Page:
Ecologists fear for the health of the Pahang coast. Source: Wikipedia
Bauxite mining is becoming increasingly controversial in Malaysia as the government has temporarily banned the extraction of aluminium ore.
In Kuantan, Pahang province, in Peninsular Malaysia, the past 18 months has seen a sudden increase in open-cast bauxite mining.
Tonnes of bauxite are being transported out of the region which is the world’s main source of aluminium, used in aeroplanes, saucepans, cooking foil and numerous other products.
Annual output of bauxite ore has increased from 200,000 tonnes in 2013 to nearly 20 million tonnes last year.
The federation is now the world’s top producer, supplying nearly half of China’s massive aluminium industry.
Until recently Malaysia hardly registered on global markets as a source of bauxite but that totally changed in January 2014 when, in an attempt to stimulate its own aluminium-smelting industry, Indonesia banned bauxite ore exports.
Until then Indonesia had been China’s main supplier.
Several Indonesian mining companies turned to Kuantan, where plentiful bauxite was available at a lower quality than that in Indonesia and Australia.
The companies approached smallholders and offered them substantial sums to mine their land.
Most of the plots were small, allowing the mining firms under Malaysian law to dodge the need to carry out an environmental impact assessment for plots larger than 250 hectares.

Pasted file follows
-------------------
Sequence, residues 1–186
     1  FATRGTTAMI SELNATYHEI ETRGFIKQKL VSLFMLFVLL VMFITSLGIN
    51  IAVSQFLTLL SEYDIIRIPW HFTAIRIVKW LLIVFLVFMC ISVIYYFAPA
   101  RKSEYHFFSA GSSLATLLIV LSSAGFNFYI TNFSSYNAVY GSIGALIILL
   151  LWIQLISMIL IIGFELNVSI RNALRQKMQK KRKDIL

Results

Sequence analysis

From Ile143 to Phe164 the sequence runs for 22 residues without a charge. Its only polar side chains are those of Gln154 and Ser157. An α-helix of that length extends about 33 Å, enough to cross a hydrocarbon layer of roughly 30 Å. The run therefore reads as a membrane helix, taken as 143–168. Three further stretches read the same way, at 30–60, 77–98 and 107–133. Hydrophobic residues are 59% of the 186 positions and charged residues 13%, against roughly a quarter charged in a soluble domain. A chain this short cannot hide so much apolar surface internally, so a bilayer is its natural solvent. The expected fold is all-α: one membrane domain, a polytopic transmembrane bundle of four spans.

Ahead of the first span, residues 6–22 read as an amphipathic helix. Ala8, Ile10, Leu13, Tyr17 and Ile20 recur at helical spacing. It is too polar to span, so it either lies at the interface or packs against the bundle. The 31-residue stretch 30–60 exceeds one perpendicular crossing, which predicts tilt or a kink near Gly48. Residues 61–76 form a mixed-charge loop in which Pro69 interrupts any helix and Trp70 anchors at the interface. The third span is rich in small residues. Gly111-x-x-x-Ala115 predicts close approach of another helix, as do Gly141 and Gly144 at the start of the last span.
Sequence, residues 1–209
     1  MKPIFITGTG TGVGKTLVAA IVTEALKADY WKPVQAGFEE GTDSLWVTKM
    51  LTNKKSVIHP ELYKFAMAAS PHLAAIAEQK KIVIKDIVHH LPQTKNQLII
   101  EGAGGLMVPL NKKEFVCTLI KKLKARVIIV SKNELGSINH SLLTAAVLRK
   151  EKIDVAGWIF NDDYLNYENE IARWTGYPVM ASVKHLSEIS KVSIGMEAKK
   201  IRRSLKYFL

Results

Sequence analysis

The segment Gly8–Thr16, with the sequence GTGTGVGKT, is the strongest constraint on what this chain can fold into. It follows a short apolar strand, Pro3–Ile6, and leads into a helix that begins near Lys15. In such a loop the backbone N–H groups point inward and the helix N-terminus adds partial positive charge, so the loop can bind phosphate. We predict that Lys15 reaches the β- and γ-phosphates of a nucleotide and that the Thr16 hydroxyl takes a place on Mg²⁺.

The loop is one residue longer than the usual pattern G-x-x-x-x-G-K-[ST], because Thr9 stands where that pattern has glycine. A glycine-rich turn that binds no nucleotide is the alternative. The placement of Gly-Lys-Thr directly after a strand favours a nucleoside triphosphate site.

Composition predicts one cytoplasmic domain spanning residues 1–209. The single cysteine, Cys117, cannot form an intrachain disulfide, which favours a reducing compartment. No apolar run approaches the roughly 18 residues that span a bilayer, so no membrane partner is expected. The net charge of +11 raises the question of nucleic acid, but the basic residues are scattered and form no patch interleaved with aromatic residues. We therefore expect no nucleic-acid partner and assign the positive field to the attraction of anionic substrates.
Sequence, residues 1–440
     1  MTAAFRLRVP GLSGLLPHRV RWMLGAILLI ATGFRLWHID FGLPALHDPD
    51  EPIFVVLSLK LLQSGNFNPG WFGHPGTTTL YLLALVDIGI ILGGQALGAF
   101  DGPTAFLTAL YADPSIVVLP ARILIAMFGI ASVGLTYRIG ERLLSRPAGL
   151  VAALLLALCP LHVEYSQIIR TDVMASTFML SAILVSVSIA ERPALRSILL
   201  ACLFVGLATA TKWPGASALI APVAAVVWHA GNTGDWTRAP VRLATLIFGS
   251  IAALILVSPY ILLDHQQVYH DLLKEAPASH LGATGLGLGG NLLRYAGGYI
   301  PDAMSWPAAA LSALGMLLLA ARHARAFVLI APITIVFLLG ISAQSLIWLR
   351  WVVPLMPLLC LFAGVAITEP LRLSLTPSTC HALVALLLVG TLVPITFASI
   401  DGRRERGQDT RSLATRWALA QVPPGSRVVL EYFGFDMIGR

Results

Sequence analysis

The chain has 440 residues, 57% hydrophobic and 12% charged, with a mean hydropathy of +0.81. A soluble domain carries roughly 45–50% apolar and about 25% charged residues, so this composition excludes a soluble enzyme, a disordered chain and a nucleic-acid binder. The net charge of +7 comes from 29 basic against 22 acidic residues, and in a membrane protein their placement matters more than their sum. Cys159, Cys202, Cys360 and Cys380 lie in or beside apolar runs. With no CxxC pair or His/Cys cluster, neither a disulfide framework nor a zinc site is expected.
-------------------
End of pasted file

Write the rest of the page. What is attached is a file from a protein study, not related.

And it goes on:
Roads were clogged with heavy lorries carrying bauxite to the port at Kuantan and rivers flowed red with bauxite sediment, staining the sea at the coast as they flowed out.
“It became a whole mad rush,” opposition MP Fuziah Salleh said. “There were 44 companies with export licences and they were all rushing to get as much as they could get from anybody who was willing to sell their raw ore.
“The greed, the need, of certain people, outweighed welfare of the common people and the authorities allowed it. And I think there is a lesson to be learned.”
Now the federal government has ordered a halt to all mining while it tries to regulate the industry. Seven people have been arrested on suspicion of corruption.
Tests are being carried out for arsenic and mercury which typically exist in bauxite sediment.
Marine scientists are also warning of potential damage to the ecosystem off Pahang’s coast.
The state’s Chief Minister Adnan Yaacob, a veteran politician from the UMNO coalition, has been in the job for 16 years and wields considerable power under Malaysia’s federal system.
He has acknowledged that the state government failed to control bauxite mining and that he had tried to regulate the industry without Kuala Lumpur’s interference.
Che Long bin Che Ali, who leased out his land to a mining company, lives on a road used by the ore lorries and everything in his home is covered in a thick film of red dust and his fruit trees are dying.
As part of the global economic shake-up, Malaysia’s state oil firm Petronas is planning to cut up to 50 billion ringgit (US$11.4 billion) in capital and operating expenditure over the next four years, according to an internal memo from its chief executive officer.
The plan comes as oil prices fall worldwide, with the price of Brent crude tumbling to US$28 a barrel last Friday.
Petronas is Malaysia’s biggest source of revenue, covering as much as one third of the government’s annual budget. Malaysian Prime Minister Najib Razak, whose current budget was based on a US$48 price for Brent crude, will table amendments next week to the budget.
Malaysia is Southeast Asia’s second-biggest oil and natural-gas producer and the world’s second-largest liquefied natural gas exporter. Petronas, Malaysia’s only Fortune 500 company, did not detail in its memo the projects that would be affected.